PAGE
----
It’s true, not all inspectors are loved by everyone. Some find that inspectors are too nit-picky and as a result feel the real estate deal fell apart because of this…ah, if it were only that simple.
The fact is a good inspector should document what they see on an inspection no matter how small. They do this for a number of good reasons. The items discovered may require further monitoring by the homeowner over time or they simply may need to put these maintenance items in their Saturday morning job jar or to-do list. More importantly, these seemingly insignificant items may be symptomatic of something larger going on in the home. For example, here are some observations you might find in an inspector’s report:
- Door binds when opening / closing in the master bedroom
- Floor slopes slightly in the living room
- Archway opening not square from the kitchen to the dining room
- Treads on stairs to 2nd floor are not level
Individually, the above items may seem pretty innocuous however collectively (or not perhaps) they may also be an indicator that the foundation has moved / settled, there is deflection in the support beams or floor joists, and or that the support posts / columns have moved. They are listed in the report as such as the inspector may not be able to ascertain anything further than this through his limited visual & non-destructive inspection. As such, the inspector wants to caution his client and may refer them onto other qualified professionals for further evaluation. Seems straight forward enough, and is not dissimilar to what you would want your doctor to do if listening to your heart and then wanted to send you onto a heart specialist for a second opinion.
Okay, well perhaps you found that example too obvious. So, what about an inspector who has this in their report:
- Unsecured wiring in the basement & attic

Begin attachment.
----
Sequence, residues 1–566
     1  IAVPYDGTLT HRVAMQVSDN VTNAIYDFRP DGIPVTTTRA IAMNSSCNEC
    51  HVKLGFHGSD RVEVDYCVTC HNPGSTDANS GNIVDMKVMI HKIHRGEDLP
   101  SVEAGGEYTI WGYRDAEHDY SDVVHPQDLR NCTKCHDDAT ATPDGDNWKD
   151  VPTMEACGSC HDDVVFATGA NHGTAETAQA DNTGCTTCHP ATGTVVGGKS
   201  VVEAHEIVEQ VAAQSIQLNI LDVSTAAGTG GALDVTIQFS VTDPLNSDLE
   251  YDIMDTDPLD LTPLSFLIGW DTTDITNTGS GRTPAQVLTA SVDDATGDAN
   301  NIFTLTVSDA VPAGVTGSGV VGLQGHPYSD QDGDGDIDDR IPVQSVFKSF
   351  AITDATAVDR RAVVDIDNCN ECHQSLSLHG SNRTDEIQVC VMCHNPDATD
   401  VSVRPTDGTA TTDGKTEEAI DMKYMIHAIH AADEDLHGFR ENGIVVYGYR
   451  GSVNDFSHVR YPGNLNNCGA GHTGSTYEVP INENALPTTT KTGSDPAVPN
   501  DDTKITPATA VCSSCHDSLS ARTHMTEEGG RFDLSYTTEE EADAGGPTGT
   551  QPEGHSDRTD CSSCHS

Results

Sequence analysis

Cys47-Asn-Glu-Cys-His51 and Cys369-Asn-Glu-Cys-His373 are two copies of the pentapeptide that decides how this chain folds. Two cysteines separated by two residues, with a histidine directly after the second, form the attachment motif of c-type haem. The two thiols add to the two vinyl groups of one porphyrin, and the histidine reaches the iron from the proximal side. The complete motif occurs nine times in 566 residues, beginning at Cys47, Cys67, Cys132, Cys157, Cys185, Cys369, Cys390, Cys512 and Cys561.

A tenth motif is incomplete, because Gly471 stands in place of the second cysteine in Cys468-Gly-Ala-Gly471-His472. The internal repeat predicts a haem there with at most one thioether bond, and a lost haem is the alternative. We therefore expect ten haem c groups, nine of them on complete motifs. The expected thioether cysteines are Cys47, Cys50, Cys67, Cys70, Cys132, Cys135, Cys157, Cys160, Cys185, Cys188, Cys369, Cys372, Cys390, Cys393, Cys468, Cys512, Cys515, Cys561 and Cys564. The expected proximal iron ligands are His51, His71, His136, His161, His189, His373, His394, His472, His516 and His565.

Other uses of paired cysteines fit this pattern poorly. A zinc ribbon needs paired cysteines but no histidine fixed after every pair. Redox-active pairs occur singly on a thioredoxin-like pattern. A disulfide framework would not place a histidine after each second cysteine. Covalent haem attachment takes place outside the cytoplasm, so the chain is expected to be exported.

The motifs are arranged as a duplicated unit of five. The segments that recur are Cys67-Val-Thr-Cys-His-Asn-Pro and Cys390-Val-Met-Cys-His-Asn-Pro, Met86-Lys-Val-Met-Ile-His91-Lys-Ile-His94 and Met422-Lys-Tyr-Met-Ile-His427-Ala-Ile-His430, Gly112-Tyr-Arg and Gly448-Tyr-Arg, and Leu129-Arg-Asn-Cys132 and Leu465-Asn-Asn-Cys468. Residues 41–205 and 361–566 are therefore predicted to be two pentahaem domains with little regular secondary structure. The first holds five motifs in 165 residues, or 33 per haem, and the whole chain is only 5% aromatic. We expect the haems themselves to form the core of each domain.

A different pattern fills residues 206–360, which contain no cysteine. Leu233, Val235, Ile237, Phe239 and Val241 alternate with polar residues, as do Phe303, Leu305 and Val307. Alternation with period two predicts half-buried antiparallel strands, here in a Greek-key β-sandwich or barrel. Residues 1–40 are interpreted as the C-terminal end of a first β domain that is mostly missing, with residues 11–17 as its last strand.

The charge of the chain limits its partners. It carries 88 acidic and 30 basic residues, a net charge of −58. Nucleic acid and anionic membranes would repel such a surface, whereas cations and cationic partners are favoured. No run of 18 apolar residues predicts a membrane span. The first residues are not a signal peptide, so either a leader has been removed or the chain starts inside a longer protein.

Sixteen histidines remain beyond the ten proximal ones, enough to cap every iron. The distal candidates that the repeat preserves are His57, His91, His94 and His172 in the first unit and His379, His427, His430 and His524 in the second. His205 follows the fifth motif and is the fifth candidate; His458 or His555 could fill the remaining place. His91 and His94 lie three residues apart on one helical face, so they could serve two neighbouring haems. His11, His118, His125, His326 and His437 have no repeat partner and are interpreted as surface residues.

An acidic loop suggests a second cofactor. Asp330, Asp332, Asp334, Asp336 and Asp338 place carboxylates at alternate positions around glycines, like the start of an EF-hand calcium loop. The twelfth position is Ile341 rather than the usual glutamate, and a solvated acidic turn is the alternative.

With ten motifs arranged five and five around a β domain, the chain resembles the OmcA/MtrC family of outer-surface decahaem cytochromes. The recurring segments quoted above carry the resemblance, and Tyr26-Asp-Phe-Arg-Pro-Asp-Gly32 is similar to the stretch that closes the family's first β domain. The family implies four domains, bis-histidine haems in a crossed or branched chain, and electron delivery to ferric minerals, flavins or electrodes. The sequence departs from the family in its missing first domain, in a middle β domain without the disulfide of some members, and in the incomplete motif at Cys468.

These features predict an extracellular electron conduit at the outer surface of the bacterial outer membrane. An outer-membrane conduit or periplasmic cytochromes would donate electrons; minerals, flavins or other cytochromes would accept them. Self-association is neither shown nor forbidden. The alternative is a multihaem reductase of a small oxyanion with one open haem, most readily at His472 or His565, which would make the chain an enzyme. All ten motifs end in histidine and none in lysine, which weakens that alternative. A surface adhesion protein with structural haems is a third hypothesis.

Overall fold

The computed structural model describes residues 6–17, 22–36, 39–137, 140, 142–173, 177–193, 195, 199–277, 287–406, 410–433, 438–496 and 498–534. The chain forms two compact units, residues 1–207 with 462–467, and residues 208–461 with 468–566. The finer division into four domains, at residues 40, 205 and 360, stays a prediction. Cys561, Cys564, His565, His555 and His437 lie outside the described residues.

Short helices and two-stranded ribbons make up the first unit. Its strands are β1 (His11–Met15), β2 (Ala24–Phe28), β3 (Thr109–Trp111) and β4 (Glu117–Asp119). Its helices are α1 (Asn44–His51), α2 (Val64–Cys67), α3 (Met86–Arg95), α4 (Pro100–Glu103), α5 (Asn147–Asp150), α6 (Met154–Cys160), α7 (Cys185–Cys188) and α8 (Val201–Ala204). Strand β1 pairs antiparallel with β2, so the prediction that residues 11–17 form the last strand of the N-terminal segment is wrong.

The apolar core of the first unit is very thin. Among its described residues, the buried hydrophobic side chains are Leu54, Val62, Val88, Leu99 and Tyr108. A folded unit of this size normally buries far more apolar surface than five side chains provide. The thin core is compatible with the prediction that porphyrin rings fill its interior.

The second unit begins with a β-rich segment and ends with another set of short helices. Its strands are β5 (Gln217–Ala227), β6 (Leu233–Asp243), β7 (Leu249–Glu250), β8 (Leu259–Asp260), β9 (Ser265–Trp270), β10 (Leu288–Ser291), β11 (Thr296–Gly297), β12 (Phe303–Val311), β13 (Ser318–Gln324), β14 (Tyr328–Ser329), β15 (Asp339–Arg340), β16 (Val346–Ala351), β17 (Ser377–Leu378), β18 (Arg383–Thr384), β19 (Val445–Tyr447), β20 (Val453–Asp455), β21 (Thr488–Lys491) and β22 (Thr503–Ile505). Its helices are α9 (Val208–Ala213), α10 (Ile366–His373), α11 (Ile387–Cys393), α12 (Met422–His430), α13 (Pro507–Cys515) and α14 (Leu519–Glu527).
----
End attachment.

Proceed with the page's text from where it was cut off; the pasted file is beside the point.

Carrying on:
- Missing cover plate on the family room light switch
- Ungrounded receptacle in the laundry room
- Surface mounted wiring not contained within a wall cavity or in a conduit in rec. room?
Each of the above items are likely a simple fix and would cost little to remedy. So why include them in an inspection report? Almost everything associated with an electrical defect is a fire / shock hazard. No one wants to have to face this as left unattended to it could spell disaster. It is also an indicator that the electrical work was not professionally done and that permits for the work were not obtained / inspected by the authorities (if / where required). One need only look at the Fire Statistics from the Ontario Fire Marshal’s Office to realize the importance electrical fires have.
Okay, still not convinced? Here are some other examples:
- No widow present in the basement bedroom
- Security bars on the basement windows are bolted on
- Hot water heater located in bathroom next to shower
- Gas log lighter in wood-burning fireplace
- Clothes dryer exhausts into attached garage
Each of the above items may seem insignificant at first glance, but could ultimately kill the occupants of the home. Whether it’s the improper means of egress from a home in the event of a fire or carbon monoxide (CO) poisoning from the improperly installed appliances it’s not enough to just be aware of these safety concerns. They must be corrected to be made safe.
How about now, convinced?
All these examples may seem trivial art first blush. The defects themselves may currently be in varying degrees of severity too…and not yet at a catastrophic level. Nevertheless, their importance cannot be understated when the potential ramifications can be far reaching. Even if this is ultimately not the case, clients want a list of defects no matter how minor they are so they have a go-to-place for upcoming maintenance. That includes painting, caulking and the likes too. After all, you’d want your auto mechanic to find everything that was wrong with that used care before you bought it, including any burnt out light bulbs that meant it won’t pass a safety check!
It should also be pointed out that a list of defects in the inspector’s report does not automatically mean that the vendor is responsible to repair them or compensate the buyer for them…although it’s possible it may be a negotiating item. Most times you’re not going to want the vendor to affect any repairs to the home and will choose to do them yourself. As a homebuyer, you need to equip yourself with skilled professionals that can calmly lead you through what condition the home is in, detail any work that’s required and how best to go about getting the home ready for you to live in.
If you’re a homebuyer, look for detailed, objective, uncompromised & thorough home inspector before you buy…or you know, one of those nit-picking home inspectors 🙂